Reversing Heart Disease with Diet

2.90 Reversing Heart Disease with Diet

In this HeartStrong.com video/article, we are going to talk about reversing…yes reversing heart disease with diet. Atherosclerosis, the cholesterol build-up in the arteries of the body including the heart, can be reversed with diet. This is achieved with a specific pattern of plant based nutrition. It is very important to note that no other dietary pattern has ever been shown to angiographically reverse heart disease in humans and animal studies support this as well.

While there are many fad diets, popular books and theories about what we should be eating to prevent diseases including heart disease, again, only a whole food plant based diet low in fat (10% or less) has been shown to actually reverse atherosclerosis and it has been shown to do so in more than 1 publication1-3. Whenever you are presented with a question from family or friends about any other dietary pattern, simply ask them the question “Has this diet been shown to reverse heart disease in peer reviewed publications” and the answer will be no.

Initially developed by Nathan Pritikin who was diagnosed with severe angina, then meticulously studied nutrition discovering that a whole food plant based diet low in fat is the optimal dietary pattern. He eventually died in 1985 at the age of 69 after a long battle with leukemia (diagnosed prior to his diet changes) and his autopsy report was published in the New England Journal of Medicine4. He was found to have no significant heart disease or atherosclerosis in any artery proving that he was indeed able to reverse his heart disease with diet.

The “Esselstyn Diet” developed by Dr. Caldwell Esselstyn at Cleveland Clinic as discussed in detail in his groundbreaking book “Prevent and Reverse Heart Disease” and the Ornish Diet developed by lifestyle medicine pioneer Dean Orinish M.D. are the two published programs shown to reverse heart disease. These will be discussed in detail below after a brief review of animal research on the same topic.

Reversing Heart Disease

While HeartStrong.com does not advocate the use of animals in medical research presently and in the future, much can be learned from animal studies of diet and atherosclerosis in the past. Here is what we have learned.

Animals out in nature such as monkeys and rabbits eat a predominately whole food plant based diet (i.e. bananas and carrots) and are physically active. They do not get ANY atherosclerotic cholesterol plaque in their arteries in their natural environment. Humans, on the other hand, as young as the age of 35-7 have been seen to already have cholesterol fatty streaks building up in their aorta and by the age of 10 nearly all children already have fatty streaks. Now…if you feed a monkey/rabbit a diet high in cholesterol and saturated fat (meat and egg yolks), researchers can quite easily cause the arteries to clog with cholesterol.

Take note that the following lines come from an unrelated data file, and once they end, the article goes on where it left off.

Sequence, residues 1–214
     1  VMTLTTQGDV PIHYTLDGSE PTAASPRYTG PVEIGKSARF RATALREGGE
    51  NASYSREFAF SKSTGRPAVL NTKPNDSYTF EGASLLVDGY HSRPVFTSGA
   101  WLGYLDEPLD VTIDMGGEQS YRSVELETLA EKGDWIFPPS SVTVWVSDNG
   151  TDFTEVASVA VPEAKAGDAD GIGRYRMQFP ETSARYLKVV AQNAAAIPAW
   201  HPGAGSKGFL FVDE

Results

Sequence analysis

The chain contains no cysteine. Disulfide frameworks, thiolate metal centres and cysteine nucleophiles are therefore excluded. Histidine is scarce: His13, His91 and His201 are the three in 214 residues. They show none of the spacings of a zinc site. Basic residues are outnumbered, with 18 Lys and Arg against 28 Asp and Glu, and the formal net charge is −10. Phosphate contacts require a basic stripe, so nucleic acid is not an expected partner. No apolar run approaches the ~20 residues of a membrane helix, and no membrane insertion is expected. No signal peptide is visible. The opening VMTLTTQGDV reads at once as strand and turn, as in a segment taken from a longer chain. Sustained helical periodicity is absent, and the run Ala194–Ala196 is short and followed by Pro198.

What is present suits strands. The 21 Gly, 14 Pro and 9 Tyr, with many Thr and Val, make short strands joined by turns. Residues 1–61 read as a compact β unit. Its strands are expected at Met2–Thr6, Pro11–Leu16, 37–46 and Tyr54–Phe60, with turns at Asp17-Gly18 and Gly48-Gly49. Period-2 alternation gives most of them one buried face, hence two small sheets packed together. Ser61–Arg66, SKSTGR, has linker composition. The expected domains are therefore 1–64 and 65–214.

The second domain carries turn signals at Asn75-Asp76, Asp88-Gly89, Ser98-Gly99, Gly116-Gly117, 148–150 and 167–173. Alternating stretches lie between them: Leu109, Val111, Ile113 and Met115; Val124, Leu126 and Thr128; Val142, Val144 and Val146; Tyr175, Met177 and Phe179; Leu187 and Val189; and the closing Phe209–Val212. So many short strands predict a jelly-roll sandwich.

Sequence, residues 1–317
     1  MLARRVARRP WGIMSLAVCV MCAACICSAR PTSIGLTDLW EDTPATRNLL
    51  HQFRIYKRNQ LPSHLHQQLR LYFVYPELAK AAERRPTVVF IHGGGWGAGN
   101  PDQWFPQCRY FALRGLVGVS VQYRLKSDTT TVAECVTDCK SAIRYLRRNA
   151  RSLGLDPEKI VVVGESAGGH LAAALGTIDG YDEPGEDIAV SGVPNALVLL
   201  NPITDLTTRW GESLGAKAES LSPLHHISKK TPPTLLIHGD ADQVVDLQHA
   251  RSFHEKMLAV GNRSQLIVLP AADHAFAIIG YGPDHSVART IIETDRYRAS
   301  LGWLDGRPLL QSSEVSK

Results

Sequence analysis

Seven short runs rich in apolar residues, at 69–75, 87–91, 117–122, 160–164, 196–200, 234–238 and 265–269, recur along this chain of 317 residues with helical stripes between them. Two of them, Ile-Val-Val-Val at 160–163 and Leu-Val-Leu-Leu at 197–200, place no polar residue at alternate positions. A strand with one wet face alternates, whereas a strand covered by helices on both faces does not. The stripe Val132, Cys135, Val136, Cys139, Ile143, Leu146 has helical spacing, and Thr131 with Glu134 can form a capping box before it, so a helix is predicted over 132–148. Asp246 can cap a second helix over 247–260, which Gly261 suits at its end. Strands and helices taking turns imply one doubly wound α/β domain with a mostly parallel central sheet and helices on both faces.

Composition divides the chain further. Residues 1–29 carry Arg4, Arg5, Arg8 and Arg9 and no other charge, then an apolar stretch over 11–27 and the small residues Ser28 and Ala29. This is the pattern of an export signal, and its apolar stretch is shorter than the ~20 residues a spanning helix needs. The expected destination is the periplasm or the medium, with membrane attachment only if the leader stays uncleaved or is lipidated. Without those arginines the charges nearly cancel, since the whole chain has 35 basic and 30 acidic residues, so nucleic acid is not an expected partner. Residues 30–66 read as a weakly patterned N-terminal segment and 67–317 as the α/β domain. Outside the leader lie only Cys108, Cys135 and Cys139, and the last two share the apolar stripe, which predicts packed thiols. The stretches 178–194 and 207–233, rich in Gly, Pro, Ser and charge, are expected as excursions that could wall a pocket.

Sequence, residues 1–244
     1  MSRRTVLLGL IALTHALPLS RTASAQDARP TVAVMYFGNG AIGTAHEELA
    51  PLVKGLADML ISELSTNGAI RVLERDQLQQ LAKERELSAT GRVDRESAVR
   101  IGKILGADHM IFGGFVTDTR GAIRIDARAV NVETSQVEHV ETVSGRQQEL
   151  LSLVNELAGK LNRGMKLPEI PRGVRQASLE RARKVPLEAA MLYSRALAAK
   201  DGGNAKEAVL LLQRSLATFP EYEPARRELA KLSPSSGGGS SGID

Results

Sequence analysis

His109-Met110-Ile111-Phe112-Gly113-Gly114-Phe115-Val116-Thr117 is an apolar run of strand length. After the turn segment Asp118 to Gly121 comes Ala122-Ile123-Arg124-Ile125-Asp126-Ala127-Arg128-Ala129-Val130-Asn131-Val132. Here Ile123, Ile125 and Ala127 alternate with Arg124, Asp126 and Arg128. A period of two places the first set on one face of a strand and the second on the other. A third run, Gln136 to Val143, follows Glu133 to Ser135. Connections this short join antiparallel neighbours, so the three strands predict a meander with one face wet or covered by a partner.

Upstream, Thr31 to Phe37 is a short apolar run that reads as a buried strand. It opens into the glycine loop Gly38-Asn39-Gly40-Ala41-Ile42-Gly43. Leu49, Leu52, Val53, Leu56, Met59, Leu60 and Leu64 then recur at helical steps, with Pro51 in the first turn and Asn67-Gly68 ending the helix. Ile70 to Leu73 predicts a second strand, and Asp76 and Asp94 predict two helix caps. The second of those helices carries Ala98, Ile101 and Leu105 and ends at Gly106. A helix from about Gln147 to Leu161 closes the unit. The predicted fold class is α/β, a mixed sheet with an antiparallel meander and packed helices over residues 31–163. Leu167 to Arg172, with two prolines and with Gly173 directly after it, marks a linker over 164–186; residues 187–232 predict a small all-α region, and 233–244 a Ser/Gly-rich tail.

The theory of evolution states that humans evolved from monkeys. The standard American diet is very high in cholesterol and saturated fat frequently consisting of eggs/bacon/sausage for breakfast, lunch meats or burgers for lunch and beef/pork/chicken/fish for dinner. Chicken ends up being the #1 source of cholesterol in the American diet due to the large volume Americans eat (eggs are the #2 source). Americans put cheese on our breakfast, cheese on our lunch and cheese on our dinner. Cheese is the #1 source of the bad saturated fat in the American diet. This is why we get heart disease.

The research gets better though. We know that if you take these animals that were just clogged up with cholesterol and stick them back into their natural environment (their natural whole food plant based diet), they have the ability to actually starting breaking down and reversing the cholesterol plaque8-11! Researches said…why don’t we try this in humans. So they did.

The Esselstyn Diet